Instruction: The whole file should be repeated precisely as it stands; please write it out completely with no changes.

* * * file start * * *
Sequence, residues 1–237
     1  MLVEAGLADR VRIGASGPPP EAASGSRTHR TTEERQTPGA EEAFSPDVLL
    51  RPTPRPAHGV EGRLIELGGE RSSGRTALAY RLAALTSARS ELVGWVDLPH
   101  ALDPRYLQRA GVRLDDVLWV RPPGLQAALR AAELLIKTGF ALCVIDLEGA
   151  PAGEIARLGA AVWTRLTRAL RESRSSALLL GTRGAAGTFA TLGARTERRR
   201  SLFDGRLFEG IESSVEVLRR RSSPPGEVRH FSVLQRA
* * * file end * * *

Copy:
Sequence, residues 1–237
     1  MLVEAGLADR VRIGASGPPP EAASGSRTHR TTEERQTPGA EEAFSPDVLL
    51  RPTPRPAHGV EGRLIELGGE RSSGRTALAY RLAALTSARS ELVGWVDLPH
   101  ALDPRYLQRA GVRLDDVLWV RPPGLQAALR AAELLIKTGF ALCVIDLEGA
   151  PAGEIARLGA AVWTRLTRAL RESRSSALLL GTRGAAGTFA TLGARTERRR
   201  SLFDGRLFEG IESSVEVLRR RSSPPGEVRH FSVLQRA